Swab for Bryce: bone marrow drives students to fight for common cause

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Swab for Bryce: bone marrow drives students to fight for common cause

Sisam Shrestha

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Bryce Boyd, a five-month-old infant, has Wiskott-Aldrich syndrome, a rare disorder that affects his immune system. Doctors say that Bryce needs a bone marrow donor as soon as possible.

Last week, ULM partnered with the National Marrow Donor Program and hosted a Be the Match Registry Drive to help those like Bryce.

On Thursday morning, campus sidewalks were covered with chalked sayings such as “be the match” and “#saveBryce.”

In the Quad, at Shulze Cafeteria and in the SUB, student and community volunteers register donors to see if they could be a match from a searching patient. Patients in need of bone marrow donations suffer from blood illnesses such as leukemia, lymphoma and sickle cell anemia.

Volunteers swab the inside of donors’ cheeks and send the swabs off to be potentially matched to patients.

Over the course of the day, 380 donors registered through the drive.

Bryce was the featured patient for the event because he needs help fast. According to Brian Allison, Louisiana’s National Marrow Donor Program representative, the more swabs they receive, the better.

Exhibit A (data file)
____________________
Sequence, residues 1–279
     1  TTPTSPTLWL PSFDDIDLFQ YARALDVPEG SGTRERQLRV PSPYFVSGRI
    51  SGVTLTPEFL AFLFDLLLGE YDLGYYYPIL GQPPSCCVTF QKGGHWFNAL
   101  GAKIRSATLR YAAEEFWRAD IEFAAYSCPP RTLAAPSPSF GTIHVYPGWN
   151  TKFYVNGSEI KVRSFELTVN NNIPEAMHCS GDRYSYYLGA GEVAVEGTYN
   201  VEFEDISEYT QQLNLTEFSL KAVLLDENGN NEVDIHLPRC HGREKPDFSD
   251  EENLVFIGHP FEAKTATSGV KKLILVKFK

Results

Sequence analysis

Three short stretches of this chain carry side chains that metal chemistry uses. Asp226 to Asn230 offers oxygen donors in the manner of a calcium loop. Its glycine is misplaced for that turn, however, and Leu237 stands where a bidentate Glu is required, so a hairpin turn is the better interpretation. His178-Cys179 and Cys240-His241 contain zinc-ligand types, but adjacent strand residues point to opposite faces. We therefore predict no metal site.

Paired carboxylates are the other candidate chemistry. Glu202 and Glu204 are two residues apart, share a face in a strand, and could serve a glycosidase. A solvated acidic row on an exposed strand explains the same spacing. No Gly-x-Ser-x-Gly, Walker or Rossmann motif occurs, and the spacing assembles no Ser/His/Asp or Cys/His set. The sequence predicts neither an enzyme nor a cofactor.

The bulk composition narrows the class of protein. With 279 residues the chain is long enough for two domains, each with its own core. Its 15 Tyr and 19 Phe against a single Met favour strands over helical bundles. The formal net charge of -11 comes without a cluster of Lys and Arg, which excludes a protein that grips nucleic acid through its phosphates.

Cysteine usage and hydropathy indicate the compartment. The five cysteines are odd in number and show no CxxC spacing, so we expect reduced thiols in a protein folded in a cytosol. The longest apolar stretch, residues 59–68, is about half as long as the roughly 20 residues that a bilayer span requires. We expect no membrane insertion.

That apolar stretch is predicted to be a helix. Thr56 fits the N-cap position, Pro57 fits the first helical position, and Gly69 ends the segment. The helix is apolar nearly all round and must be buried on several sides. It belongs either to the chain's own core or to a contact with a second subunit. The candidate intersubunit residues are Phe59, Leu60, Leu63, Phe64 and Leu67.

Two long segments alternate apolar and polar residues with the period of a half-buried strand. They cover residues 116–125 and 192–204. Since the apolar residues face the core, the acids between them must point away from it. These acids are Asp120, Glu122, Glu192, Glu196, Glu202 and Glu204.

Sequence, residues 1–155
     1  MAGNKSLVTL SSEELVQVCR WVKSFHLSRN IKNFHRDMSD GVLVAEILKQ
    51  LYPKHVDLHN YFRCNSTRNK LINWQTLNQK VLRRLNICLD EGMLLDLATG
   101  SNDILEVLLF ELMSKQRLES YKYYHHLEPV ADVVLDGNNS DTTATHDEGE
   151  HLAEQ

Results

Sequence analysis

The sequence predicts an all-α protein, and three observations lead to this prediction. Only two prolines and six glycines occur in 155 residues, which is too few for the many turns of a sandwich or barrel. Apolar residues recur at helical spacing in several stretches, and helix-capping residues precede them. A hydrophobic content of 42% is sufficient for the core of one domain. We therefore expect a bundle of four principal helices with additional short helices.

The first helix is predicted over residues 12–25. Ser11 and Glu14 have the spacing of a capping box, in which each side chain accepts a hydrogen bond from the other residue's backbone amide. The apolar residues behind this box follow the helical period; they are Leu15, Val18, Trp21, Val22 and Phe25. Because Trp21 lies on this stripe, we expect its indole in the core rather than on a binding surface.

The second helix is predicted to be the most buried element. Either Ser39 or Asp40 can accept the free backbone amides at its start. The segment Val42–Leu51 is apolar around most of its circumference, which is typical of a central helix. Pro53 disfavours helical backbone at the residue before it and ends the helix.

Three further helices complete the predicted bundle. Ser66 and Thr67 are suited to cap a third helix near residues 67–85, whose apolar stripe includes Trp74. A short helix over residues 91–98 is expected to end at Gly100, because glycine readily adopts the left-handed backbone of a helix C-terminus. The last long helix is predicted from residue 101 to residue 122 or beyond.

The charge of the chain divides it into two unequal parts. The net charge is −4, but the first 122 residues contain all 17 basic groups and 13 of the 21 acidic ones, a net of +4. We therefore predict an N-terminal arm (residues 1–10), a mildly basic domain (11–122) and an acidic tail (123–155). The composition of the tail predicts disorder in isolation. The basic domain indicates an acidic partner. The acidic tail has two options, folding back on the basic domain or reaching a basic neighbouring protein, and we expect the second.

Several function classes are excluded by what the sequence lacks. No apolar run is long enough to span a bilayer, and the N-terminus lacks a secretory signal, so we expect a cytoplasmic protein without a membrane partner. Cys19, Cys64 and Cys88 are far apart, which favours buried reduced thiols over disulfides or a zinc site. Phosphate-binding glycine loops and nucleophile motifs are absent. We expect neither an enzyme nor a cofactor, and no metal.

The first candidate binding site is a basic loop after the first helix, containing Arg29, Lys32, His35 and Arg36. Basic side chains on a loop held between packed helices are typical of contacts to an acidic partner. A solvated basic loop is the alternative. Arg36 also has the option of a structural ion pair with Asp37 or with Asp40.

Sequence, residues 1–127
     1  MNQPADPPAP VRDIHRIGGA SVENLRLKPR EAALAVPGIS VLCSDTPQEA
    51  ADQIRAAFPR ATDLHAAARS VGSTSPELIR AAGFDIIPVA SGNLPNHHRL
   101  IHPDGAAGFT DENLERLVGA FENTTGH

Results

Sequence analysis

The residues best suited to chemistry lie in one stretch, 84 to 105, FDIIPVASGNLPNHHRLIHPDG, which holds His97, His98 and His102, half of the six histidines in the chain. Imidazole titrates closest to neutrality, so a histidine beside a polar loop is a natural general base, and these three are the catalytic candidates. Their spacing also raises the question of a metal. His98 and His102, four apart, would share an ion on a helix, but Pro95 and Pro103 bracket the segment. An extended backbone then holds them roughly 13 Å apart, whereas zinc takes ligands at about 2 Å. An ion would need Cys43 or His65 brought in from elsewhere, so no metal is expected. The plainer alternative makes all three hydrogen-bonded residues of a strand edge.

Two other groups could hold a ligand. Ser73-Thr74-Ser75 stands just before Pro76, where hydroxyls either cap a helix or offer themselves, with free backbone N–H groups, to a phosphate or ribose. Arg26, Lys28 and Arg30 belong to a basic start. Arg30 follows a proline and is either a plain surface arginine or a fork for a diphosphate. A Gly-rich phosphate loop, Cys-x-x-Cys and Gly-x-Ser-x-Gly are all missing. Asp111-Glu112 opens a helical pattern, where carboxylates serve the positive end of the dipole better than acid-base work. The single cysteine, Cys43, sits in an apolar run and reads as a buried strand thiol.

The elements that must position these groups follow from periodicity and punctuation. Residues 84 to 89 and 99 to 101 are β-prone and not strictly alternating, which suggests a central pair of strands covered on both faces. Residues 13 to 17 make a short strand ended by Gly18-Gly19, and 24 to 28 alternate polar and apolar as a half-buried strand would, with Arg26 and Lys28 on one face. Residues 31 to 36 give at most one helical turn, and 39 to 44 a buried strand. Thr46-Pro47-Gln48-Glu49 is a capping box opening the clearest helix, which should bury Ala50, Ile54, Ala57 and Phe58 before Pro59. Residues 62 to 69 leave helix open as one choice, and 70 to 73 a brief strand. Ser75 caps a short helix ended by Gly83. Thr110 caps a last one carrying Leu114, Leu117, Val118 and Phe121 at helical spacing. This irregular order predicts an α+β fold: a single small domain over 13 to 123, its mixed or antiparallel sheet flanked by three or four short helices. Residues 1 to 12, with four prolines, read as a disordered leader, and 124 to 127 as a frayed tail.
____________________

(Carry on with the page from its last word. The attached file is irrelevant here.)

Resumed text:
Allison said that not every donor will be a match for Bryce, but they are still helping the cause.

Once someone is swabbed, their information is put into a databank. If a donor profile and a patient profile match, the donor has the option to donate. If they choose to do so, all of the costs associated with the donation, including food and travel expenses, are paid for.

Once someone is swabbed once, there is no need for a second swabbing.

Zackery D. Wimbish, a general studies  sophomore, is a co-worker of Bryce’s mother Jasmine at the Sterlington Rehab Hospital.

“They’ve been trying to take all the measures so they could find a stem cell match for him. I got swabbed for Bryce, but it goes into the National data bank so it’s for anybody,” Wimbish said.

Many students stopped by after seeing the chalk messages on the ground and came by just to help. Dev McMillian, a freshman atmospheric science major said that he chose to become a donor because it felt right.

“I knew it would be for a good cause and I’m all about supporting humanity. I feel buoyant about swabbing for someone’s life. I really hope I’m the match,” McMillian said.